Anytime you plan to do a TFP or TFCD, research the photographer beforehand and make sure they shoot the type of looks and themes that you'll be able to use in your portfolio. Schedule a face-to-face meeting ahead of time before you shoot so the two of you can get to know each other and talk in more detail about the concept of the shoot. This avoids confusion or lack of communication when it's game time.

These types of shoots are great because they save you money and allow you to network with various photographers but at the same time, if you choose someone who doesn't fit your needs or doesn't do quality work, this free photo shoot can turn into a waste of your time as well as the photographer's. And there's nothing worse than having a batch of useless images.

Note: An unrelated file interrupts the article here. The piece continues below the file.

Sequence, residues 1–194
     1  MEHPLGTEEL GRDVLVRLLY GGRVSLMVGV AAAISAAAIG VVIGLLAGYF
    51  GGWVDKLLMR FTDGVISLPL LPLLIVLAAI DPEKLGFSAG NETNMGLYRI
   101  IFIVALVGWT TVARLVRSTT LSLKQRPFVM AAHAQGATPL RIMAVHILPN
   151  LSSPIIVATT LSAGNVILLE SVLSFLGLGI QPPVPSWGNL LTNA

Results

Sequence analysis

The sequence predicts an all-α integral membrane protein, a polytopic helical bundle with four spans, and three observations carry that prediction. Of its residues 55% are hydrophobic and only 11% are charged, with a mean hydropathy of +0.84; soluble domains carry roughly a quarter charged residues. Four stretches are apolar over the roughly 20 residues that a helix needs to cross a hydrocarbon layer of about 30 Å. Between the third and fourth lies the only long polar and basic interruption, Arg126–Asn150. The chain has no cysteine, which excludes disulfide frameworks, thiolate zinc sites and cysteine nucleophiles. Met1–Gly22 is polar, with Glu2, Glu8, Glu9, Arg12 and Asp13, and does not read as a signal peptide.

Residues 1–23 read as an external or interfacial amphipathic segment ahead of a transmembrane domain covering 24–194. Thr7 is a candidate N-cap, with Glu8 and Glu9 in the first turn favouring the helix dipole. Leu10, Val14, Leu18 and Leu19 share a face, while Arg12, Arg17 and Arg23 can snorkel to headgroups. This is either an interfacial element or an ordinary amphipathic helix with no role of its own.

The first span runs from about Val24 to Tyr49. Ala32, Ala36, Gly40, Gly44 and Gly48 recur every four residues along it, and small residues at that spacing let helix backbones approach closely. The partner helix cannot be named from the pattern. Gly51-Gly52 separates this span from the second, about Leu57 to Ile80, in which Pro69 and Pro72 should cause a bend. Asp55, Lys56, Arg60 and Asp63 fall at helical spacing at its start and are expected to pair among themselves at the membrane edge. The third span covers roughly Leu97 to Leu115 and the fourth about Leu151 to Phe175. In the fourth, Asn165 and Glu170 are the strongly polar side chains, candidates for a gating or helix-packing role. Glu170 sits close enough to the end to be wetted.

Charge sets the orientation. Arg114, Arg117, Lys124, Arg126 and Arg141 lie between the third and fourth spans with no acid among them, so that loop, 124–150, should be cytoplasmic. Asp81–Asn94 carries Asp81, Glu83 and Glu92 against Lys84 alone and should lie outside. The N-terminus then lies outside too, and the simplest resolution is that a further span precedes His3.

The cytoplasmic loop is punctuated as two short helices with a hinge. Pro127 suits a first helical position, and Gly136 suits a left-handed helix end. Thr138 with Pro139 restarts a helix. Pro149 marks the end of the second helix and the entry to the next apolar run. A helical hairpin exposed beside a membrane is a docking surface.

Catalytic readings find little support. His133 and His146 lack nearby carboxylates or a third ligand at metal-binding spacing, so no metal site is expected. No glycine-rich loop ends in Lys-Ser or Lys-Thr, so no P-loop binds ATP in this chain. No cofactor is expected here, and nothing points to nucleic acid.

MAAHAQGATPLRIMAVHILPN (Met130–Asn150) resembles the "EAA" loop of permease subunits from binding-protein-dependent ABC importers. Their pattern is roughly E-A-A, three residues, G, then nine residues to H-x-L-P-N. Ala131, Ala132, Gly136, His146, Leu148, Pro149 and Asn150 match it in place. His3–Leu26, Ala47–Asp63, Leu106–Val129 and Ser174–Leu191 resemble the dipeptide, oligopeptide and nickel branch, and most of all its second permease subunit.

Tuesday, June 5, 2007

Shopping With a Stylist

If you ever have the opportunity to prep for an upcoming photo shoot by shopping with the stylist assigned to that shoot, do it! You don't have to become a fashion guru to be a model, but it helps to know what colors and patterns look good on you and photograph well.

 Most stylists are really eccentric and like to put you in outfits that may be out of your comfort zone. Again, modeling does not mean catering to your tastes so just go with the flow.

While shopping with the stylist, be open-minded. Don't be outright disagreeable or put your thumbs down at an outfit they put together that you don't like. That's just rude and disrespectful. Chances are you'll already know what theme the shoot is for so the stylist will have to work within those limits.

At the same time, don't feel like you have to be fake and say that you love everything they pick out. Take some risks with the clothes you try on and try to see things from the stylist or photographer's point of view.